A DNA aptamer was identified against the shared tumor-specific MAGE-A3111–125 peptide antigen. The dissociation constant between the aptamer and the peptide was measured at 57 nM. Binding of the aptamer to seven types of cancer cells, melanoma, breast, colorectal, liver, lung, pancreas and oral cancer, was confirmed with flow cytometry and fluorescence imaging. Cy3-conjugated aptamers signals were specifically localized to the surface of those cancer cells. The results indicate that the DNA aptamer against the shared tumor-specific MAGE-A3 peptide can be used in cancer cell targeting and has the potential for developing into new modalities for the diagnosis of multiple cancers.What's new?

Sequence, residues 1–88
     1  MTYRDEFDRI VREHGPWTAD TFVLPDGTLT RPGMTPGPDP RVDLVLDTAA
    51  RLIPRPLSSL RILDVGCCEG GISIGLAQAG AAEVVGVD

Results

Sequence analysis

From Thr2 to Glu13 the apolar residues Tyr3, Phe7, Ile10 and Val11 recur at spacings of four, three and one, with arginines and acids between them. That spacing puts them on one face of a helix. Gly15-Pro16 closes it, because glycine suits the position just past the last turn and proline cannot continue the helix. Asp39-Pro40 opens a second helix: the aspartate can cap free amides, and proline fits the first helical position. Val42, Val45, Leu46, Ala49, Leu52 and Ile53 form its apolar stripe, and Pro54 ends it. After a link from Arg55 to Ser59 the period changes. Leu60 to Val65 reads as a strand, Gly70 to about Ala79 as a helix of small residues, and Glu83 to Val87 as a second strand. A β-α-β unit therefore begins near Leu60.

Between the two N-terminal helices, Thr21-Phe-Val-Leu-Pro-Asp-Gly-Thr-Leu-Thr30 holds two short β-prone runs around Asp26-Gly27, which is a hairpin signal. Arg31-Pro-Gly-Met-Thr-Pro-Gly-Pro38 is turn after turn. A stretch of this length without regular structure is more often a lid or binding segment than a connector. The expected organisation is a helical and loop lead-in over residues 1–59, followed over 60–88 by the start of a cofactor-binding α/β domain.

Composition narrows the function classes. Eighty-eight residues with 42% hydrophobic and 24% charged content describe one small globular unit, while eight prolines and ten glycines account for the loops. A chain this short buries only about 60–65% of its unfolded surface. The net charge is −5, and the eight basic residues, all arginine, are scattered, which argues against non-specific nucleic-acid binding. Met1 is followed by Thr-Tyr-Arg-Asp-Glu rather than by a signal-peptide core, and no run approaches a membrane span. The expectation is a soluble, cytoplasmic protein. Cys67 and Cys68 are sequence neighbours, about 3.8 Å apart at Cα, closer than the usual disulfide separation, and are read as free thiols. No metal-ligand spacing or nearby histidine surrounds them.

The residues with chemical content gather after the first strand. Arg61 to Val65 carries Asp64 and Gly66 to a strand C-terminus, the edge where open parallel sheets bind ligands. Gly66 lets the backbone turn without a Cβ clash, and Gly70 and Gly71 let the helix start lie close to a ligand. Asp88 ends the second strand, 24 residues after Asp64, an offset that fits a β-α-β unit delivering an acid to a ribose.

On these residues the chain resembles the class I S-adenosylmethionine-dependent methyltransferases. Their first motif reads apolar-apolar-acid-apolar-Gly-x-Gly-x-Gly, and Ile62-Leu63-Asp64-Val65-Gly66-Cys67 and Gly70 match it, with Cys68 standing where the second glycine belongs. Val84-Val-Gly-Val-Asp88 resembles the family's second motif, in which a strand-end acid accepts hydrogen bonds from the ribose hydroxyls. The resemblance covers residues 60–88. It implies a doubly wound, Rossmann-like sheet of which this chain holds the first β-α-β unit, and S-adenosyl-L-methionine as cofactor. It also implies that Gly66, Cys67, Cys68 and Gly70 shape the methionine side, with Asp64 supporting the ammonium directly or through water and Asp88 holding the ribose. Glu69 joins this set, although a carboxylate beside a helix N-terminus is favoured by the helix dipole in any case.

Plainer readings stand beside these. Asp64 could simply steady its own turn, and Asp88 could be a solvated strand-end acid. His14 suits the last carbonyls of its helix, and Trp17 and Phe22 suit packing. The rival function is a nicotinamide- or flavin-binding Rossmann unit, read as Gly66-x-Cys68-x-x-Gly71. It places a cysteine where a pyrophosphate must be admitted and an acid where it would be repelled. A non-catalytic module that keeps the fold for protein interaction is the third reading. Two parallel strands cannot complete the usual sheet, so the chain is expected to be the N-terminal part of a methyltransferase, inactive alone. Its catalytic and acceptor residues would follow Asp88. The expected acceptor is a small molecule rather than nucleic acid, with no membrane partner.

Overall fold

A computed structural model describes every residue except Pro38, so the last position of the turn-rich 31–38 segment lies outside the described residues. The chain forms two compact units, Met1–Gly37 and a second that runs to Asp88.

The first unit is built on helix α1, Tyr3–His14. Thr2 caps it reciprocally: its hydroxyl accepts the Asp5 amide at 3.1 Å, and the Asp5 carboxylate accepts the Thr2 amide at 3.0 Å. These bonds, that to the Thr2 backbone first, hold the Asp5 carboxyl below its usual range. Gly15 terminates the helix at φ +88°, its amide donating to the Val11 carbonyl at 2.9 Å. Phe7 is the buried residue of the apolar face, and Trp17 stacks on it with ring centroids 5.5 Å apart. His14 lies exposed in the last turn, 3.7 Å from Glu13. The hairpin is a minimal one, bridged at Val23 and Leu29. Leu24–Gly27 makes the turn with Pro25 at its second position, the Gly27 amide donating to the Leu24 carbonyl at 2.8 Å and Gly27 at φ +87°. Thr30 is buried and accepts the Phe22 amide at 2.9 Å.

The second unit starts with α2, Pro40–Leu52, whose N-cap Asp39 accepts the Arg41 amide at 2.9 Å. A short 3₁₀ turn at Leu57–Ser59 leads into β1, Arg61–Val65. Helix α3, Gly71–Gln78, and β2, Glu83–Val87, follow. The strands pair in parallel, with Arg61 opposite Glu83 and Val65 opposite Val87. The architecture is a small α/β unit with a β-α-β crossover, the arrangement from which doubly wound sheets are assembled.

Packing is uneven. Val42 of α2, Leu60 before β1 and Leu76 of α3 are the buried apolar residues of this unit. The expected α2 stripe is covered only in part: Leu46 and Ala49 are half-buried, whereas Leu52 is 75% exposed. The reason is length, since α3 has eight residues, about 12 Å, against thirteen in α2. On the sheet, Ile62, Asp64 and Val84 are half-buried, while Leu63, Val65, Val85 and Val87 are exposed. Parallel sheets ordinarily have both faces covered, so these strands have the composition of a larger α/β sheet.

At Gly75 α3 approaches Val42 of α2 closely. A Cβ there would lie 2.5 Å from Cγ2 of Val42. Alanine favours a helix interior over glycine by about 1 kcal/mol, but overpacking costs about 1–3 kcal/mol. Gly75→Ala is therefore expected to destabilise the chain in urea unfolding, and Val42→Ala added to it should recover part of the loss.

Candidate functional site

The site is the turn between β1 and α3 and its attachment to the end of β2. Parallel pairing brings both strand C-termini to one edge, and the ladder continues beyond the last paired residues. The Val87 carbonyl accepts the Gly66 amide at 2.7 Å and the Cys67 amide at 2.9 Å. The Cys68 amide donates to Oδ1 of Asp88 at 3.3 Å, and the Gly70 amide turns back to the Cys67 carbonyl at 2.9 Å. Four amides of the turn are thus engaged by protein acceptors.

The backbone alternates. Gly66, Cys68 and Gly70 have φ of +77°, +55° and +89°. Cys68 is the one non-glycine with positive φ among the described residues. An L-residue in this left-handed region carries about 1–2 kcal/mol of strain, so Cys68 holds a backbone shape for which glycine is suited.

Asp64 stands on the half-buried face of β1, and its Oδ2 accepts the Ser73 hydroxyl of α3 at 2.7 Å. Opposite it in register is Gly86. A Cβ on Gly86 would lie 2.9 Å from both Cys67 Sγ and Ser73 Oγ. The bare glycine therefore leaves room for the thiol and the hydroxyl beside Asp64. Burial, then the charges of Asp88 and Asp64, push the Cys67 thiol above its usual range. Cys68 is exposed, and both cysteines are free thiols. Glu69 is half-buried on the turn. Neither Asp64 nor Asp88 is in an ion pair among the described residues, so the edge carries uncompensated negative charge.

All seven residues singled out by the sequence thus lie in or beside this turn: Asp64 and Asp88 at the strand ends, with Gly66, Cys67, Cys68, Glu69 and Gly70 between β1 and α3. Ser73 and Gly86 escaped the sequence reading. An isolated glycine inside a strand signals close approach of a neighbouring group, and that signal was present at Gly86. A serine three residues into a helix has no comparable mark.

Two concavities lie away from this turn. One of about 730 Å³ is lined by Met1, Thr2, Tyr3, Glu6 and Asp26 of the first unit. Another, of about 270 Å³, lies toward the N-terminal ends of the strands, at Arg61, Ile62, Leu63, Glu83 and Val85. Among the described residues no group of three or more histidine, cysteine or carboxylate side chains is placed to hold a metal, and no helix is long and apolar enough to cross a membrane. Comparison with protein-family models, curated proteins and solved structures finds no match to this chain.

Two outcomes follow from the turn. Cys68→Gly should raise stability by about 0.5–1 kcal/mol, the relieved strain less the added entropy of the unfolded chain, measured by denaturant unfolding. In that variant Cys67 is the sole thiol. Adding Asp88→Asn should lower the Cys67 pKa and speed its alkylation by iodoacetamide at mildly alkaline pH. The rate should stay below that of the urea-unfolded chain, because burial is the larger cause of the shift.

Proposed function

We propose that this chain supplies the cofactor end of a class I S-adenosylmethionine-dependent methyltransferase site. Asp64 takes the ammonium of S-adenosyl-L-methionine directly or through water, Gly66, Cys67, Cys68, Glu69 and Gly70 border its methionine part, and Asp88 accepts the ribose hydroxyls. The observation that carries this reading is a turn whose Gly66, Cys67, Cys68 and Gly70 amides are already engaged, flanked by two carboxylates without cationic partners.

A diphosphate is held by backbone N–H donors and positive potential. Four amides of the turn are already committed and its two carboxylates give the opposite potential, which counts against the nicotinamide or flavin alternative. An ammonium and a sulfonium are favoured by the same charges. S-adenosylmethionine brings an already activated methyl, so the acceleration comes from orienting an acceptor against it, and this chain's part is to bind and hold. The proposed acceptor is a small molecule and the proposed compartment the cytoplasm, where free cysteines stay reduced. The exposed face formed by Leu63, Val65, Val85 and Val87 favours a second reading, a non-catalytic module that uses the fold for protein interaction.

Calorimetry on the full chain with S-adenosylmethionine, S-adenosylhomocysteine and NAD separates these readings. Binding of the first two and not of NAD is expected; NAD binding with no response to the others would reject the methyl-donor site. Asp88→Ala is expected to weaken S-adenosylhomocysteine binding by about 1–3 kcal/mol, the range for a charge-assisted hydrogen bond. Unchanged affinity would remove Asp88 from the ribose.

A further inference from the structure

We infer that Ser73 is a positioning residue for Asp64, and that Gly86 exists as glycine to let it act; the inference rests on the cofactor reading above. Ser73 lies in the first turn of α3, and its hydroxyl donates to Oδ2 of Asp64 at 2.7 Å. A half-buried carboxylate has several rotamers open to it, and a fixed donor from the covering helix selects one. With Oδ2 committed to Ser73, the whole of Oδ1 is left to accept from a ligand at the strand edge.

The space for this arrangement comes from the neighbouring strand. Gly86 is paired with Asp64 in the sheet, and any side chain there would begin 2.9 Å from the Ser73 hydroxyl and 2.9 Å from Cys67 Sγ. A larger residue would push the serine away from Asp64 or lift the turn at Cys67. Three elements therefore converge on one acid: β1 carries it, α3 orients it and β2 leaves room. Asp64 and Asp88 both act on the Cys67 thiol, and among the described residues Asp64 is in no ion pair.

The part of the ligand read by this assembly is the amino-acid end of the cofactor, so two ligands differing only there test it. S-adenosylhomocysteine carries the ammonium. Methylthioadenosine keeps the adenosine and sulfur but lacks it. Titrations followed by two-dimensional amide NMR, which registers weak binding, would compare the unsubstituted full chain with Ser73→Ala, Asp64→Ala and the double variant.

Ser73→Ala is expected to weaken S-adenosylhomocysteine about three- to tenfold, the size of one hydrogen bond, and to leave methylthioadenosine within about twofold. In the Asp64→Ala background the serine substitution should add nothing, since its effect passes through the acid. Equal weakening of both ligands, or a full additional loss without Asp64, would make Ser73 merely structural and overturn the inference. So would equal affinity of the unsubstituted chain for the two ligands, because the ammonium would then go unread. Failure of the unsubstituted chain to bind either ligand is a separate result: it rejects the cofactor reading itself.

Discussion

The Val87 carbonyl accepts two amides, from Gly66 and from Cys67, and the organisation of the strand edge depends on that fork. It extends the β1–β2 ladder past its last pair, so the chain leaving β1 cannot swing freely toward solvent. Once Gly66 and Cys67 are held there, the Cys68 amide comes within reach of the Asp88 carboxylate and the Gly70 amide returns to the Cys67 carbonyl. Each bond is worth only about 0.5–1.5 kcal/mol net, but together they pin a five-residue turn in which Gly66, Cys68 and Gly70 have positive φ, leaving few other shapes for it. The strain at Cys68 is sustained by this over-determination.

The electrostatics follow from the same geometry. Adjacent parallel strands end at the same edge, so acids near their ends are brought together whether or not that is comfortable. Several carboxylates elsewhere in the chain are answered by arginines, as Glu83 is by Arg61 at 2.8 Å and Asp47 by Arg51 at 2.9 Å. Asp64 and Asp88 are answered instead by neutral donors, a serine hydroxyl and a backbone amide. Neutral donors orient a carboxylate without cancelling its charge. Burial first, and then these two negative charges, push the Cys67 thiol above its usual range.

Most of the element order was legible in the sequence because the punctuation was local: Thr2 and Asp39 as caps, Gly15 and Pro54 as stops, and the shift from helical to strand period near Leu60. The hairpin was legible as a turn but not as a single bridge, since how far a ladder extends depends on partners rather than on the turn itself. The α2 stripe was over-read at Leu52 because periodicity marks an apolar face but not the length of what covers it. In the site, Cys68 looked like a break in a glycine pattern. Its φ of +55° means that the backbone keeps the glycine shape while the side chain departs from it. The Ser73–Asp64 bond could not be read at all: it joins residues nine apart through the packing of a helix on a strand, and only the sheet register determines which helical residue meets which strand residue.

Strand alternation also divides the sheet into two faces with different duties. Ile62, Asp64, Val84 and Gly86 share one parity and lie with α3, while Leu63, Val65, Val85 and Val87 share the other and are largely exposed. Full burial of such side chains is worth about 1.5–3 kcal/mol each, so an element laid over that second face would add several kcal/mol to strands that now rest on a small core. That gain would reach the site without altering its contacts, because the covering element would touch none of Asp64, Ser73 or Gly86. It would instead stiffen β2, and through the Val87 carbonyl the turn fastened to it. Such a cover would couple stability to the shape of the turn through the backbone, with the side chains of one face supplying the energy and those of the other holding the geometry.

Tumor cells express shared tumor-specific antigens, which are able to induce immune responses when presented by MHC molecules on the cell surface. Here, the authors present a DNA aptamer against the shared tumor-specific antigen MAGE-A3 that discriminates multiple types of cancer cells from normal/noncancerous cells. They also first demonstrate that a peptide antigen resided in the MHC binding cleft on the cell surface can be targeted by a DNA aptamer. The study paves the way for generating a variety of aptamers against the many shared tumor-specific antigens already known, and developing novel strategies for the diagnosis and treatment of cancer.